The Ugly – Two things fit this category perfectly.

1. The gyro sensor.  It suffers from drift.  This means that you have to unplug it often or it will start to change numbers.  You can see this happen using port view; a perfectly stable gyro sensor will just start counting 1,2,3…  It gets quite frustrating.  We had a lot of problems getting it to work for left turns using negative numbers, but as you will see in my next post, this is not always the case.  Either way, people were quite frustrated with it.

2. The EV3 screen.  I had too small an example to say for sure (and I hope this doesn’t come off ageist) but the older students in my class had an incredibly difficult time reading the screen.  Some of the younger men and women too, but it seemed like those with poor eyesight really struggled.  This is a shame.  I have heard back-lighting would cost too much to add, perhaps someone will hack an simple/cheap solution.

I’m not sure where to include On-Brick programming.  Those migrating from NXT liked its flexibility but felt like it was not intuitive.  However the youngest teachers claimed it was a snap and that middle school students would pick it up right away.  So again an age thing, which I’m not comfortable making blanket statements about but it did seem to show differences within the small number of students I had.  Coupled with the hard to read screen though, some people really hated the on-brick programming.

So that’s my initial observations after training a group of people on EV3 for a weekend.

Taking a break from Robots, it’s Awesome Sauce!

Quick explanation – my team at the LEAP (LEGO Education Advisory Panel) conference  this year was called Awesome Sauce.  I grew cayenne peppers this year.  I made hot sauce, I called it Awesome Sauce. Turns out it’s really easy to do.  Here’s the recipe as I did it.  Keep in mind I’m no cook and have no training at this, just did a quick google search and made it up as I went.

1.  Gather your ingredients.  Onions and cayenne peppers from my garden and garlic from the supermarket in this case.  Some people like to add carrots for balance but I just wanted it spicy hot!

IMG_22162. Chop the tips and stems off the peppers.

Wait!!!  Are you wearing gloves?  If not then wash your hands several times during this process and do not touch eyes, children, inside nose or mouth, or genitalia.  Seriously.

IMG_22173. Measure.  I’m not sure why, I think I just wanted to see how much I have and get an approximation of how much vinegar to add.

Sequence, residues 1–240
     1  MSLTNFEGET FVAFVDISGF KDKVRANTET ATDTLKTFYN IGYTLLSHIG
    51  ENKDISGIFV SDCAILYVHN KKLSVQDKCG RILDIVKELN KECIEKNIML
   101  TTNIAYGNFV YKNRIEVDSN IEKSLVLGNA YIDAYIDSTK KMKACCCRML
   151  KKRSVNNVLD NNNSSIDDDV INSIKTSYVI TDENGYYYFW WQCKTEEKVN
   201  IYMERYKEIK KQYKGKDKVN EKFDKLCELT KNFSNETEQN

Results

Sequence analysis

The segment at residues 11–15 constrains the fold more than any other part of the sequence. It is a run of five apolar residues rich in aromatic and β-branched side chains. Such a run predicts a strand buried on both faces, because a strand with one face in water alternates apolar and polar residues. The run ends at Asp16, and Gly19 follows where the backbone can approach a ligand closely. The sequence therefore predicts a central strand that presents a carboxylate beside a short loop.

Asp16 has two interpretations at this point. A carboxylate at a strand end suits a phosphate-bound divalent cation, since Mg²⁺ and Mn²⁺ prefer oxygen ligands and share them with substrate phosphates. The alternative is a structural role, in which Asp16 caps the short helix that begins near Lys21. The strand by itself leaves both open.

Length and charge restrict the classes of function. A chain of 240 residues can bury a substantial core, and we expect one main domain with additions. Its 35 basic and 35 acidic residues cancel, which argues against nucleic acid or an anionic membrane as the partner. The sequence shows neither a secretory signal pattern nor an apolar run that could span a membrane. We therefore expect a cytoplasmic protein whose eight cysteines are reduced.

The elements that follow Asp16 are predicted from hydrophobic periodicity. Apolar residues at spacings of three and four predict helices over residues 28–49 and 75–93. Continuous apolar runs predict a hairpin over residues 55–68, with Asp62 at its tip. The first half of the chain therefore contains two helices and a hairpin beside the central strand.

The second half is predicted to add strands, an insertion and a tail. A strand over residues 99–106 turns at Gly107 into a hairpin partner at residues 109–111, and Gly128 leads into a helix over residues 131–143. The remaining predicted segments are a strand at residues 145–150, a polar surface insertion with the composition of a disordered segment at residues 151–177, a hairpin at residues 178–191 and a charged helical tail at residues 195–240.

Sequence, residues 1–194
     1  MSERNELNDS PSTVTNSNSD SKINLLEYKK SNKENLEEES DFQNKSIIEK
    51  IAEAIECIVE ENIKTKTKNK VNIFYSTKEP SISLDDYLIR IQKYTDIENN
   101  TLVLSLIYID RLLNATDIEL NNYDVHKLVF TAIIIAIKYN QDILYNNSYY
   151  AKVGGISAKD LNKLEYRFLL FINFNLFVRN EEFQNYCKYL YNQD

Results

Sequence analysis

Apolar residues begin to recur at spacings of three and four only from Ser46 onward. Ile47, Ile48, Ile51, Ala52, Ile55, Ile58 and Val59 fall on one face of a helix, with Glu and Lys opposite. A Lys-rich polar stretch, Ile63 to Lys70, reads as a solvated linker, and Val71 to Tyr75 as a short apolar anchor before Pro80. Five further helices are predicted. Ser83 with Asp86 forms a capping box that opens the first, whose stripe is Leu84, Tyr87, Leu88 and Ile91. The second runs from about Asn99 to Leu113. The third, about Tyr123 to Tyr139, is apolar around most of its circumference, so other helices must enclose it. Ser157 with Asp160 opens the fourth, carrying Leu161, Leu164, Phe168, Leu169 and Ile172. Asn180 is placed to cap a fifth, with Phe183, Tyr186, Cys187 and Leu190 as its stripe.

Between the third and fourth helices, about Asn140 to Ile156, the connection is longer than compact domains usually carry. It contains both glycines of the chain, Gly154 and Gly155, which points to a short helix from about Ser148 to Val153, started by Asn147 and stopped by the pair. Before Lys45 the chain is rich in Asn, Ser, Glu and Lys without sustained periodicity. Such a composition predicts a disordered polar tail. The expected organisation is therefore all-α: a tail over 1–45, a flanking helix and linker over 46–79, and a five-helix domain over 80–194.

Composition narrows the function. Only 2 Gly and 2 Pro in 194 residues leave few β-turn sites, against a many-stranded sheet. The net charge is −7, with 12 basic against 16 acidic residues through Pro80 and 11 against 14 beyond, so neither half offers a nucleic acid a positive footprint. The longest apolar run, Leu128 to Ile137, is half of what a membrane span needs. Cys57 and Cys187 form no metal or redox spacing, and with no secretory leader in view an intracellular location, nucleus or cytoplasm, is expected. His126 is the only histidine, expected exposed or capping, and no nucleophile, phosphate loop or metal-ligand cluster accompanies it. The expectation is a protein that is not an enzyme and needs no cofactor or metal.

IMG_22184. Chop and dice other stuff.

IMG_22195. Roast/toast it by heating on low in a frying pan with no oil.  This worked well to add a nice flavor layer to cayennes and garlic, but did nothing for the onions except make them stick to the pan.  No pic for this step, sorry.

6. Put it all in a blender.

IMG_22207. Add vinegar.  How much?  I don’t know.  You want enough to make it saucy (as in smooth and pourable) but not so much that the vinegar flavor overwhelms the pepper hotness.  Add a little at a time while you’re blending and try with a spoon, not your finger tip!  Add some more.  Stop when you get it right.

IMG_22218. Blend baby, blend!

IMG_22229. Put in saucepan, bring to a boil.  Let it simmer for a while – like long enough to make the kids lunch and have a beer. 🙂

IMG_222310.  If your house smells like vinegar, you put too much in.  If your eyes are stinging it’s vinegar, if they’re burning it’s pepper.  You want a nice burn/sting balance.  🙂 Once you’ve simmered for a while, strain the mixture.

IMG_222411. And finally bottle the stuff.  I still have to make a custom label for my awesome sauce.

Enjoy!  Let me know how yours went when you make it!IMG_2225IMG_2226

EV3 Training Day 2


Working on the Stop at Line Tutorial from Robot Educator

Day 2 of our training in Yakima saw the teachers really get into EV3 and start going beyond the tutorials to work on some of the challenges I posted: obstacle course, line follower, counting lines, etc.

While there were a ton of really great successes, one of the things the group found difficult was the use of the gyro sensor.  More on that in a later post.  In the pics below you can see a group struggling to get it to work properly.

It says to do this...

It says to do this…

Hmmmm..... Grrrrrrrrr.....


The next group was trying to get their robot to stop on the yellow line.  As you can see in the three youtube videos they first forgot to add a motor off command, they they looked for something less reflective rather than more reflective (they stop in empty space), and finally they get it right.

That little fist pump at the end is all you want to see as an instructor whether your students are teachers or middle schoolers.  I could care less about grades.  🙂

This group finally got their robot to turn with the gyro sensor, but it was far from easy, as I said, look for a later post on this.

These two groups did some classic line following:

Listen to the interesting background chatter here:

Finally, Eric borrowed an expansion and core kit for the night and stayed up until 1 am Sun. morning working on the elephant.  He finished it just about 4 pm Sunday.

EV3 Training in Yakima – August 10 and 11th

Time to put myself to the test.  Just completed the first day of a two day EV3 training with about 25 teachers in Yakima.  Great facilities and resources provided by Moe Broom, Eric Franz and the staff at Yakima CTE.  And a wonderful set of teachers had a lot of fun and learned quite a bit too!

I split the class in two and had half of them build Damien’s Riley Rover, while the other half built LEGO’s Robot Educator Model.




BuildingRileyRover2BuildingLEGOREM2BuildingLEGOREM3 BuildingLEGOREM4

After they were done building they went through the Robot Educator Tutorial for Tank Steering and here’s the results:

After that we went on to the Wave of course.  Here’s an early attempt and the almost perfect final: